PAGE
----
Gracie’s eyebrows shoot up at the seeming like a decent person comment. “I know the feeling,” she murmurs, apparently more than willing to gloss over the implication behind Robyn knowing why she has an easy time talking with her. Her lip also curls at the mention of the DoEA. “I suppose I can’t shit on them too hard. They did build the Ark I was fortunate enough to secure passage on, at least.”

She’s quiet for a while after that, sipping on her drink. Her eyes half-lid, maybe finding some old memory herself. She lets out a quiet sigh. “What kind of music did you do? You look a little punk rock.” She’s probably teasing.

"These days? I don't." Robyn huffs out a breath, leaning a bit forward against the counter. "At least, not back home. Here… it's a necessity, entertainment is how I'm paying my way right now." She picks up the glass and stares into it for a moment, before deciding to set it back down and sigh.

"Pop rock, mostly. Indie. There was a weird… synthwave period back in the mid 2000s." She waves a hand back and forth, staring back down at her drink. "I released an album in 2011, was the hottest thing in New York for a most of the year. Worked at a radio station as a personality and taste maker, ended up owning it a few months later after a series of unfortunate events." She huffs out a breath, teeth clenched for a moment. "And then the war happened, and all of that went away."

There's no small amount of bitterness between those words, giving voice to something she seems reluctant to say out loud. With a moment of hesitation, she picks the drink up and knocks the rest of it back before lowering her focus back to Rue. A small shrug is given. "And here I am again, playing music. Everything goes full circle, I guess."

“I think all music is technically indie music these days,” Gracie quips with a lopsided grin, trying to lighten the mood after Robyn’s introspection turns sour. “You know, I wanted to be a dancer from the time I was little,” she provides an admission of her own, lifting Robyn’s empty and giving it a little wiggle to silently ask if she wants another.

The redhead tilts her head, considering, “I mean, I wanted to be a model-actress, too, but I had a real passion for dance. I wanted to be a ballerina.” All of this is information Robyn already had about the woman in front of her. Or about the other version of her, anyway. There’s consistency in this. “Always told I was too tall for it or that I didn’t have the same poise as the other girls. Whatever reason they had at a given time.”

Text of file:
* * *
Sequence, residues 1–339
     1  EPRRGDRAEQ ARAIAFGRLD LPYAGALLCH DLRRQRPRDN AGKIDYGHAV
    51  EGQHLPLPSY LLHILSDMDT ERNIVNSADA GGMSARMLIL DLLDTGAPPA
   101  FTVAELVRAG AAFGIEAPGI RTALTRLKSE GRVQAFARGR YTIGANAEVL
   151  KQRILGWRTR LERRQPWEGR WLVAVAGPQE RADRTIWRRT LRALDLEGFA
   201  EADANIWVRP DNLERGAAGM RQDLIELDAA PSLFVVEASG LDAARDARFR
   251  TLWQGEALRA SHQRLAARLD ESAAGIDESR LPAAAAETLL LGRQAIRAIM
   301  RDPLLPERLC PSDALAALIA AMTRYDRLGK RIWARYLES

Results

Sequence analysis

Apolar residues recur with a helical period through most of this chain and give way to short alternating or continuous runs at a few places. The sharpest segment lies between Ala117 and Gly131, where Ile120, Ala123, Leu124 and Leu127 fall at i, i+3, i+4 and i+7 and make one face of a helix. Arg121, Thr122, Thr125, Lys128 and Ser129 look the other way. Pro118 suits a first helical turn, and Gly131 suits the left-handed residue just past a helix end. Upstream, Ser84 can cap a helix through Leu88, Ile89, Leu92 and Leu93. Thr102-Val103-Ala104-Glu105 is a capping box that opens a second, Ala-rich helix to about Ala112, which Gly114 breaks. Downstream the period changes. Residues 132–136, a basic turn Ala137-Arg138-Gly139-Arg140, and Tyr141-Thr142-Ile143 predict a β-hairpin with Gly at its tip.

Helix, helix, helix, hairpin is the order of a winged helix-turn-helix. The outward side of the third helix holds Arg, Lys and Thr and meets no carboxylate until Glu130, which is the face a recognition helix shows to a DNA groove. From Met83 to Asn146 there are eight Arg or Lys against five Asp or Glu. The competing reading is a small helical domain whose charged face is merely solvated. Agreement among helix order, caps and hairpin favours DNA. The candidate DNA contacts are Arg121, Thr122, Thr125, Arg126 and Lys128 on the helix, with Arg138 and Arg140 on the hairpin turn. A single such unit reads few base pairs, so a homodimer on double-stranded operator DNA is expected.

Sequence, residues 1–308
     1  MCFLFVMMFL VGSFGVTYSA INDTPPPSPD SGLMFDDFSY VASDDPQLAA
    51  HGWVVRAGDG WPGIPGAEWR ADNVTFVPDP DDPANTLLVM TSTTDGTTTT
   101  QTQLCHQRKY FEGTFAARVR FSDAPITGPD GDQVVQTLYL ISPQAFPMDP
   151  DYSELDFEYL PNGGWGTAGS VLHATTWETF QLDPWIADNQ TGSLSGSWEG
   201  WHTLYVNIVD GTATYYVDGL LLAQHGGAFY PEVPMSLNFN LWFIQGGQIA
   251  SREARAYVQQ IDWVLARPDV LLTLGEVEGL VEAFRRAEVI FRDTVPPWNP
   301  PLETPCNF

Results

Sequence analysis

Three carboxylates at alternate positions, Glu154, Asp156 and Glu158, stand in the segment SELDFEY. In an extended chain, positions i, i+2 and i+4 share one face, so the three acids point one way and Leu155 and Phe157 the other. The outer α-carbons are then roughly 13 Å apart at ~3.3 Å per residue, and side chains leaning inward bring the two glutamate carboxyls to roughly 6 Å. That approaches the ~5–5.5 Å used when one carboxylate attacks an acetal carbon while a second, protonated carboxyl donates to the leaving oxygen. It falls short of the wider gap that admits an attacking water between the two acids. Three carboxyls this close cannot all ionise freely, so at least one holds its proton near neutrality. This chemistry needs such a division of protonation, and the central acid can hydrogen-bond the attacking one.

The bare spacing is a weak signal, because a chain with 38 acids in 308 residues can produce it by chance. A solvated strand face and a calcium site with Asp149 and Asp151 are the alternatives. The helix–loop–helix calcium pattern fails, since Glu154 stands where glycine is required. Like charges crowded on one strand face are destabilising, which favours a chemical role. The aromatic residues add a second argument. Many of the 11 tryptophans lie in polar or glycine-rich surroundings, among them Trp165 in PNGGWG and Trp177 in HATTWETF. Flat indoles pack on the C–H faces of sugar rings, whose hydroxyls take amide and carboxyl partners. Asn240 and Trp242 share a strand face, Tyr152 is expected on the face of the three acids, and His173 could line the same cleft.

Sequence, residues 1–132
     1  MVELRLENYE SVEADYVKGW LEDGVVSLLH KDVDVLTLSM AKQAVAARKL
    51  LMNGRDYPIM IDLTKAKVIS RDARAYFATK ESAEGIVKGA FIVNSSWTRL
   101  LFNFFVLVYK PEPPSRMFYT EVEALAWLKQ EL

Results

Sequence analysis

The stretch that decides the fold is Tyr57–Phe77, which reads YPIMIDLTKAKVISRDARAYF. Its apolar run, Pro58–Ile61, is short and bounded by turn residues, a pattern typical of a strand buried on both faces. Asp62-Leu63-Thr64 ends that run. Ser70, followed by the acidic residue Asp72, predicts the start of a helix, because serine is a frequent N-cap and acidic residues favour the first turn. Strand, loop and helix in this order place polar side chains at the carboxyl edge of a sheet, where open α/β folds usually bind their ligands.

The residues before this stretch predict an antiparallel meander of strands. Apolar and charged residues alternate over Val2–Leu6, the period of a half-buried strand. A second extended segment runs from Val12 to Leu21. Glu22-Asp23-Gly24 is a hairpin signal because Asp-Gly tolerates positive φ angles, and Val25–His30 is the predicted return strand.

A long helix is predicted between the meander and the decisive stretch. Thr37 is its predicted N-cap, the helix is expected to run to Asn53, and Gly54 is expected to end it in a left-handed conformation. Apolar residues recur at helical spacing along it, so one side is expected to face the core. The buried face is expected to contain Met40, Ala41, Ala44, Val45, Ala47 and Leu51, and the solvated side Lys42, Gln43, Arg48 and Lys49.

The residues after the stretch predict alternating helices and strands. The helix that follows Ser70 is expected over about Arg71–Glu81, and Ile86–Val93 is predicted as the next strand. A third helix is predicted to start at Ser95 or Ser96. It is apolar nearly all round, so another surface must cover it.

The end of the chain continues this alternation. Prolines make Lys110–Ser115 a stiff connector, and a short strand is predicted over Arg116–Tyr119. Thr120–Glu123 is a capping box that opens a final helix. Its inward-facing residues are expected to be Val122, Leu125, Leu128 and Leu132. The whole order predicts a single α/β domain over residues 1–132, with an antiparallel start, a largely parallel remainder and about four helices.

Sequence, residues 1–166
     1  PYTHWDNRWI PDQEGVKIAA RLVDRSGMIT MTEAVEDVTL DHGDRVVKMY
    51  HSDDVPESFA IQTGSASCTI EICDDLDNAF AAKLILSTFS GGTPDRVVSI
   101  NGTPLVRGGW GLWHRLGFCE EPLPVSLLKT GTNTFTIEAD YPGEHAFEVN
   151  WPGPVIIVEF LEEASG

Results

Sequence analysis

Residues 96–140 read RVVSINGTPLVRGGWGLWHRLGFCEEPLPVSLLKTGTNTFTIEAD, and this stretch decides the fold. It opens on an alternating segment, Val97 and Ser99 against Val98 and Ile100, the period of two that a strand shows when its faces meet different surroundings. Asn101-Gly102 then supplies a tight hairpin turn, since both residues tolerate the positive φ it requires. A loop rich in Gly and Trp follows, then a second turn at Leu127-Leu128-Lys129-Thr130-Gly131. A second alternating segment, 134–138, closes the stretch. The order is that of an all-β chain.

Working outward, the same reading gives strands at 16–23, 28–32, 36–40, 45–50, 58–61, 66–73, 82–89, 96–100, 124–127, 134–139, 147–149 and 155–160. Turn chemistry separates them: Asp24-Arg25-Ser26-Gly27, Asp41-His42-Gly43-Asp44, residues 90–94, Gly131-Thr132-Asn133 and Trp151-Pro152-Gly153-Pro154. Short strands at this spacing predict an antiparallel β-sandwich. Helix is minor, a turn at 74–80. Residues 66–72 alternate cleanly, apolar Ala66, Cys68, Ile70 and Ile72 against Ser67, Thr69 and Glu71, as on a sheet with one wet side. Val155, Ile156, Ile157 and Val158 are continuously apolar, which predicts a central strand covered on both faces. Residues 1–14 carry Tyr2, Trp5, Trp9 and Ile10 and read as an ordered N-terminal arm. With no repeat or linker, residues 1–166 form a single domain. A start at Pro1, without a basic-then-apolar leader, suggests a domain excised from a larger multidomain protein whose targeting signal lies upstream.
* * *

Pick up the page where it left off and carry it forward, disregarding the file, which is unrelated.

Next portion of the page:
She picks up her own glass and takes a drink. “I kept up on it, but I gave up the notion of going professional.” Gracie’s grin takes a turn for the sardonic. “Communications degree doesn’t do me a whole lot of good here, so I guess when the circle completed, I got the last laugh on all of them.” She breathes out a chuckle. “Even if I’ll never dance with the Russian ballet.”

Even the coldness of the castle's brick construction couldn't prevent Quinn from leaning there in the entry arch to the dining hall, watching silently as her ex-girlfriend dances. Even with the past rejections and talks following them, there's a lot of good memories that swell up upon seeing Rue dance as she does across the cold, stone floor. Enough to bring just a slight, fond smile to Quinn's lips, dulled only by knowing - or at least believing she knows - how the former model feels about her now. And by what she knows she's eventually going to have to tell the other woman.

Arms cross as she watches Rue, bundled up tight in her hoodie and eyes half lidded as the ballerina climbs up onto the chair. She has no intention of interrupting the "performance"; she wouldn't no matter who it is, but particularly since it's Rue. Still, as the dance culminates and begins to end, she can't help but clap softly, still smiling as she watches her move, all while hoping it doesn't startle her too much.

"You always look wonderful when you dance, you know that, right?"

The memory bubbles up from nowhere in particular, spurred by the turn in the topic of conversation. It leaves just barest hint of a smile on Robyn's face, one she risks losing herself to the moment of if she doesn't reengage with Rue quickly.

"Yeah," she says quickly, a bit at a loss for a better response until she leans back a bit in her chair. Two drinks in, and she feels it more than she'd admit, resulting in that thin pressed smile becoming a bit more genuine as she looks up at Rue. "I've seen- uh. The you from where I come from, I've seen her dance," she admits cautiously. "No matter what world, it's a crime that you don't get to dance professionally," she offers, looking down at the counter.

"Universal consistency, I guess. I always seem to play music, you always seem to dance. Funny how that works, isn't it?" She pushes the glass towards Rue, implicitly answering the question of if she wants another.

The recognition washes over Gracie without attempt to hide it. “Universal constants,” she agrees, taking the glass up to pour another refill from the batch keg. She taps her nail on the side of it as the process goes. Then she’s sliding it back across the counter and taking up her lean again.

“Can I ask you about one of the people you’re traveling with?” she asks with a furrow of her brow, clearly uncertain if she should ask.